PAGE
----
The BBC are broadcasting over three nights in the UK (8pm each evening, BBC2), a live astronomy programme presented by Prof Brian Cox (Wonders of the Solar System) and comedian Dara O’Briain (Mock the Week). It is aimed at getting people interested in looking up at the night sky, astronomy and probably benefitting the people who have received telescopes over Christmas.
It happens to co-incide with a few astronomical events that are taking place over the next week, namely a partial solar eclipse on Tuesday morning (7am – 9.30am UK time) and the Quadrantids meteor shower, peaking on the 4th of January. There is the close alignment of Jupiter and Uranus as well, which should be viewable in a reasonable field of view.
The shows are intended to cover a number of things during the one hour-per night shows, including getting TV-person Jonathan Ross (Film 2009, Radio 2 presenter, Tonight with Jonathan Ross) to set up a telescope and start using it (episode 1). Apparently Mr Ross is a budding astronomer and has had a telescope for some time, but never used it.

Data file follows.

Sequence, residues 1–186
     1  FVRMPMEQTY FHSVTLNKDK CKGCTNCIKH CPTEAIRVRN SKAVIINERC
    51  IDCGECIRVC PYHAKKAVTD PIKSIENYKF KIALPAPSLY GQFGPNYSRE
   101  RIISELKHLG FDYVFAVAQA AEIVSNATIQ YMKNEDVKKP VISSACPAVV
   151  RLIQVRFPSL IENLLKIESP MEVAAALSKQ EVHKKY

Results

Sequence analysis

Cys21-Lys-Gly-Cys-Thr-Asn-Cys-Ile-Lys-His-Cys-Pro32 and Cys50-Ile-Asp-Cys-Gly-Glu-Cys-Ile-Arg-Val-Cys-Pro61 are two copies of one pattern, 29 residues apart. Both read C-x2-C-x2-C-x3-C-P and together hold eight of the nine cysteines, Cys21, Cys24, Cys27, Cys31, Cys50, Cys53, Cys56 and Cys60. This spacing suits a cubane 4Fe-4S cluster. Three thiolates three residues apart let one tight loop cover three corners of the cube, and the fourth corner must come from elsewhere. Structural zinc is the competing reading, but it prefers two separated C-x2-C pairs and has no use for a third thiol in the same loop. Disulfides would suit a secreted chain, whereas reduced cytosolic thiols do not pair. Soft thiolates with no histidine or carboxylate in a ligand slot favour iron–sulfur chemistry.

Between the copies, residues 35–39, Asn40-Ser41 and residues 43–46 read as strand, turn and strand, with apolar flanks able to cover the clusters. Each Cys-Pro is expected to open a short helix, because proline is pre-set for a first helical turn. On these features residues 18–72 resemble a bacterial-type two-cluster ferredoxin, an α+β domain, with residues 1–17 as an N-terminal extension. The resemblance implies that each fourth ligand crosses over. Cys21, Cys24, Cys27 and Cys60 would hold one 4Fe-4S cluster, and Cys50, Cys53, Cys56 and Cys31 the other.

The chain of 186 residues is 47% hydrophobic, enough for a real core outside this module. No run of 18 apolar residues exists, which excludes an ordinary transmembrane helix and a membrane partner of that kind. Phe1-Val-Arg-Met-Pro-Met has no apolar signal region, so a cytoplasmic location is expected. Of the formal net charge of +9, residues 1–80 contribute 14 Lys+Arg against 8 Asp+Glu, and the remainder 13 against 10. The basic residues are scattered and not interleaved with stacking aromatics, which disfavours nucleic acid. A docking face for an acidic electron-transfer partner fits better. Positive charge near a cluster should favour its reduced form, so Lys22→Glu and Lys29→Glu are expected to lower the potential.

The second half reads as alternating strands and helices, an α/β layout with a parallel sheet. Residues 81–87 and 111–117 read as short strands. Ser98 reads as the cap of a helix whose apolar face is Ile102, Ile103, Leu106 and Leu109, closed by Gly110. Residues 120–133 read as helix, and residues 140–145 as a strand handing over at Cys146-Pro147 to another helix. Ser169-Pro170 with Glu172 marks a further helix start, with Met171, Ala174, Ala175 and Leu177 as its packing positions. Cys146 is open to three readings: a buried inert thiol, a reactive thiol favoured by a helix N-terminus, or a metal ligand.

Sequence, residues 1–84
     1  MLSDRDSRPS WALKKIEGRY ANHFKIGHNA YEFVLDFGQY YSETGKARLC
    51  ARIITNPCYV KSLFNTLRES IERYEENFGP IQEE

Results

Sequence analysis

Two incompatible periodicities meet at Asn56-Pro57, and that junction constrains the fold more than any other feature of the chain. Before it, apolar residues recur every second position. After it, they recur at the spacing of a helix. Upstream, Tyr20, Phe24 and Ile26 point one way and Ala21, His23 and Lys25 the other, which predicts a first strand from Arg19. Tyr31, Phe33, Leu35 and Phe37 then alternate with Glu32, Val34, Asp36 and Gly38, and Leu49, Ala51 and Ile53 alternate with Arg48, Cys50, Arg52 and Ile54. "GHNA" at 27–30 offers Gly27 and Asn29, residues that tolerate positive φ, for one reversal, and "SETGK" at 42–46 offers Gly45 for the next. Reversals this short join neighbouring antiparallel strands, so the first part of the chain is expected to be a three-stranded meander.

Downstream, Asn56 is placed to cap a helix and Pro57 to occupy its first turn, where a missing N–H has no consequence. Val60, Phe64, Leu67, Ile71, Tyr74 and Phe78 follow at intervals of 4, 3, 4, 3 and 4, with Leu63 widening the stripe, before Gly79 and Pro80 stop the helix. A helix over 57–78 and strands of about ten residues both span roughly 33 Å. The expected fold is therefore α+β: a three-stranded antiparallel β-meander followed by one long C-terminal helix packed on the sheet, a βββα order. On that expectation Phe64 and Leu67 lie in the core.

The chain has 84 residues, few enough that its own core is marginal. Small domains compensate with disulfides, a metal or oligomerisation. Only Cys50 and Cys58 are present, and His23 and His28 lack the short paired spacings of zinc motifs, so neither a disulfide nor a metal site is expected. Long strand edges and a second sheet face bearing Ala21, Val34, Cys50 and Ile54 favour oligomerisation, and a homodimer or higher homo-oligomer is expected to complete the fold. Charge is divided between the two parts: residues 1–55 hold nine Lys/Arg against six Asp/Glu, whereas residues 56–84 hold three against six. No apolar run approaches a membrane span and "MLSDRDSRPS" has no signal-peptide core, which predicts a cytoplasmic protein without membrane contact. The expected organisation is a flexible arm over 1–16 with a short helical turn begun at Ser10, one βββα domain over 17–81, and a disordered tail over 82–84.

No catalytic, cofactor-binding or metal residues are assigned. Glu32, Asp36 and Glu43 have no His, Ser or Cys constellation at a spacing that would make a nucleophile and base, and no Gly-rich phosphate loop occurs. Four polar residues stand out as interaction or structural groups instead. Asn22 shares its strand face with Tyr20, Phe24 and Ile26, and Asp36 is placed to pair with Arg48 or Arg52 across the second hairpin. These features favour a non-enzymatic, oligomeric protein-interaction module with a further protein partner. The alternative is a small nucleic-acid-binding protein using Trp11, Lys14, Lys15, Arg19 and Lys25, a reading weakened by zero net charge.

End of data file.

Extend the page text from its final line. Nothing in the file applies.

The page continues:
The show will also be broadcast from the Jodrell Bank radio telescope, which will provide a fantastic background to the shows. The ‘One Show’s astronomer Mark Thompson will also share useful tips.
Dara O’Briain also has a keen interest in astronomy so I’m hoping that through these three well-known faces, they will help to promote astronomy – weather allowing!
The show appears to be covering a number of things, including what people can do themselves to get to know the night sky along with visits to site sof astronomical and scientific research.
What I hope these programmes will do is help get people to look up at the night sky (and know that there are wonderful sights they can see in their own back garden). Hopefully it can be done without too much ‘techie’ talk, so that people get turned off the programme. However, Prof Brian Cox has a good track record in this area and is well known to the general public. If ‘seeds of inspiration’ can be planted amongst the general public, hopefully it will raise the general ‘appreciation’ of astronomy as a scientific subject.
A possible side benefit is that it may raise the profile of the astronomer’s enemy – light pollution and what can be done by everyone to reduce it.
Some public outreach events have been announced on Twitter and some astronomy club webpages, along with a list of events on the Stargazing website. I would also recommend checking the ‘Society for Popular Astronomy’ for other useful information on the the partial eclipse and meteor shower ( http://www.popastro.com ).
More information can be found on the BBC Stargazing website:-
… and can also be followed on Twitter using the #BBCStargazing hashtag, along with the following Twitter handles:-
Jodrell bank can be found at:-
I’d expect that the programme will be available to view via BBC iPlayer (in the UK) for the next seven days as well.